We do not really have a clear picture of what cutting a blood covenant is like today. Probably the closest image we have comes from the Native American ceremony for making blood brothers—especially to pledge peace between sworn enemies. Each man would cut his finger or wrist and then press it to the other’s so that their blood mixed together. They were now blood brothers—and the scars they carried were life-long reminders of their bond to each other.
When God made a covenant with someone, he required the touching of sacrificial blood to ratify the agreement. One might say he required the parties to sign their name, make their mark, in blood. This was a kind of oath to join the lives of the parties to each other and abide by the agreement, with a self-curse attached if one was unfaithful. Something like “may my fate be the same as this animal if I prove unfaithful.”
God made this kind of covenant with Abraham when he promised to make him the father of many nations. Abraham cut the prescribed animals (a costly sacrifice) and divided them so that one could walk between the pieces. In doing this, Abraham touched the sacrificial blood. Then, later, God passed between the pieces as a smoking fire pot with a blazing torch, symbolically touching the blood – ratifying the covenant. (See chapter 15 of Genesis.)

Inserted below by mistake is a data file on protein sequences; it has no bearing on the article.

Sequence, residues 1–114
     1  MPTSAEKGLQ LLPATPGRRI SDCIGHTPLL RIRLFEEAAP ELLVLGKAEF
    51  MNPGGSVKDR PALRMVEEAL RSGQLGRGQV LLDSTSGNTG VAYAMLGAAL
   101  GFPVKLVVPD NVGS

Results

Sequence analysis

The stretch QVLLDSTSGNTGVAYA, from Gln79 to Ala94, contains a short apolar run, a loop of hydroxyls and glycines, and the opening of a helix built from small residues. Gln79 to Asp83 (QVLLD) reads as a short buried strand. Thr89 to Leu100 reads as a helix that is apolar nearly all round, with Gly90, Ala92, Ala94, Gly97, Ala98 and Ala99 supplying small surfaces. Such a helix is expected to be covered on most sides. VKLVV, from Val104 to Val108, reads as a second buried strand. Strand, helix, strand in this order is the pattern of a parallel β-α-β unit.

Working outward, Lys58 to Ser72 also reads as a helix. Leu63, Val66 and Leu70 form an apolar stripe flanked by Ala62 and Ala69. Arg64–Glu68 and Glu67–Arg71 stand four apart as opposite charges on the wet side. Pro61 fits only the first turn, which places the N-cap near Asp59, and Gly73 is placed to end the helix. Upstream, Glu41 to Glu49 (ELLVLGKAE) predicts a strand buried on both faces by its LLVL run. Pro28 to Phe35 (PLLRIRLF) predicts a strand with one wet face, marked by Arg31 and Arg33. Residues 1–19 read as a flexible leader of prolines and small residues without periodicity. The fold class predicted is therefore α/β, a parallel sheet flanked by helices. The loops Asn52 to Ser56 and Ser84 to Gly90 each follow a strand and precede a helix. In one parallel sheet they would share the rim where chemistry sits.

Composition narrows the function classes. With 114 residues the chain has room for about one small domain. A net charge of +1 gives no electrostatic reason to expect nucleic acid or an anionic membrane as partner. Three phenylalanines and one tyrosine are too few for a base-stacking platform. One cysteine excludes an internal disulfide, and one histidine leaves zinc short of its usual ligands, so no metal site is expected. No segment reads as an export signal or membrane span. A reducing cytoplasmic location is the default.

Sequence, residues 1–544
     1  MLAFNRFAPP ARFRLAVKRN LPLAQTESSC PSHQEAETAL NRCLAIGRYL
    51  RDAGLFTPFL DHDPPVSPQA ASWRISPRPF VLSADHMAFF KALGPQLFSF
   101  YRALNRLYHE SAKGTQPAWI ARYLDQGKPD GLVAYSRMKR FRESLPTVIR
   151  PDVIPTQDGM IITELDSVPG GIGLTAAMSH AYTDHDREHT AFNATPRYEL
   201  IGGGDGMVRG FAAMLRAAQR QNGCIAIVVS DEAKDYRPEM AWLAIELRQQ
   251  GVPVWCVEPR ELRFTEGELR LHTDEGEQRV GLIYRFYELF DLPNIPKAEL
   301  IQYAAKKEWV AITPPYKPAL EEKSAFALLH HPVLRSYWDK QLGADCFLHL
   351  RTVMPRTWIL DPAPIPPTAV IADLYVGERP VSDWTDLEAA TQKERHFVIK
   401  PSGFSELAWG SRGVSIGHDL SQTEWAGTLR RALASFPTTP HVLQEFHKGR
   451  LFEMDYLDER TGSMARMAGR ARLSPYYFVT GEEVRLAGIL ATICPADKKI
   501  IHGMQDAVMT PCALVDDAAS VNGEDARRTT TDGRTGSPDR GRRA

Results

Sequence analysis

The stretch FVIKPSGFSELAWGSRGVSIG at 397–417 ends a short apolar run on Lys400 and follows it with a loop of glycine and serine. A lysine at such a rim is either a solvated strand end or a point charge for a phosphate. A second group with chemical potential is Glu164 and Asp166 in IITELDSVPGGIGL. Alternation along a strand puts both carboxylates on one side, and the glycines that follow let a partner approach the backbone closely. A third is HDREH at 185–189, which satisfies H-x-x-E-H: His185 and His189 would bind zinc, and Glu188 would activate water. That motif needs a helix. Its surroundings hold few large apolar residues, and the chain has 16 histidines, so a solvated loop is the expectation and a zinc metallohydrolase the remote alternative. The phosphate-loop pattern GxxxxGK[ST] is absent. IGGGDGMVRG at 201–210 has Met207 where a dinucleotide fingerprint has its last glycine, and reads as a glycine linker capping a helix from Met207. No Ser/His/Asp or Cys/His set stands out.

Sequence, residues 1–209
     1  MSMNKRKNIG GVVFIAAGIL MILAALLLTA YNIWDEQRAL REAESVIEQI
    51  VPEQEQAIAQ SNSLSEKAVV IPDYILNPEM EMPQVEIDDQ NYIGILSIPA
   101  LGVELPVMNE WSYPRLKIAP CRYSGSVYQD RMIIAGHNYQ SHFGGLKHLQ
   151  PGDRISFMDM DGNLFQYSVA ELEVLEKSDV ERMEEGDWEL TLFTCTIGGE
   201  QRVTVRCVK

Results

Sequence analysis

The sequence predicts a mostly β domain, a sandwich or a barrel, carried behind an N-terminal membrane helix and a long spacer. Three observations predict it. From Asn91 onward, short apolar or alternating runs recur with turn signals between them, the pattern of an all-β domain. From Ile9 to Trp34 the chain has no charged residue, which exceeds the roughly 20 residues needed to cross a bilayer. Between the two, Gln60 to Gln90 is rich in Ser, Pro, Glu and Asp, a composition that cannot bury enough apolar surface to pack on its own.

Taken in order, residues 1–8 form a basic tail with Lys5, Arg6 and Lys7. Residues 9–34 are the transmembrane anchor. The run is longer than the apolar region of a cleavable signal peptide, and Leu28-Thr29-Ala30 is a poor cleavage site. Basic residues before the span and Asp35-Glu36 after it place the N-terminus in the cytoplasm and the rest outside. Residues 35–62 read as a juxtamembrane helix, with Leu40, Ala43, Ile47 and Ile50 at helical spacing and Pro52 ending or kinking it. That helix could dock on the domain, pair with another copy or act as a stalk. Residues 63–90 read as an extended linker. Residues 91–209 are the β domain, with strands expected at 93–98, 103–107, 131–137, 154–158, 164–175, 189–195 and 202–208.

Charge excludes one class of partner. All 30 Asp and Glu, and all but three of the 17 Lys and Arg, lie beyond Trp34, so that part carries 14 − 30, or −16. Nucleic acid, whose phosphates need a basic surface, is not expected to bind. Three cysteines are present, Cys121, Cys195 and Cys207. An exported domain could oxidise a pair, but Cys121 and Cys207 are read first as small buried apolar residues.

This is the picture God gives us of cutting a covenant. It is a powerful image. In the New Covenant, Jesus Christ, as the representative of God and as the representative of man, ratified our adoption, signing his name to our adoption papers with his own blood. That is why Jesus died on the cross—he was our covenant-making sacrifice.
So, did you see a glimpse of life from God’s view? It is an amazing sight, isn’t it? Amazing love and amazing grace effectively communicated to us by God through Jesus Christ.
Today’s Look at 1 John
Read 1 John 1:1 through 2:11 again. While you’re reading, think about the wonder of Christ Jesus becoming flesh that he could be the covenant-making sacrifice for our adoption.
When you invite God to share your day today, thank him for his covenant. Thank him for sending Jesus to help us understand what our purpose is. Thank him for sending Jesus to die on the cross to pay the price for our adoption. Ask God to help you hear the echo of his voice in your heart—so that you’ll be more willing to listen and make good choices today. Ask God to help you see today from his view.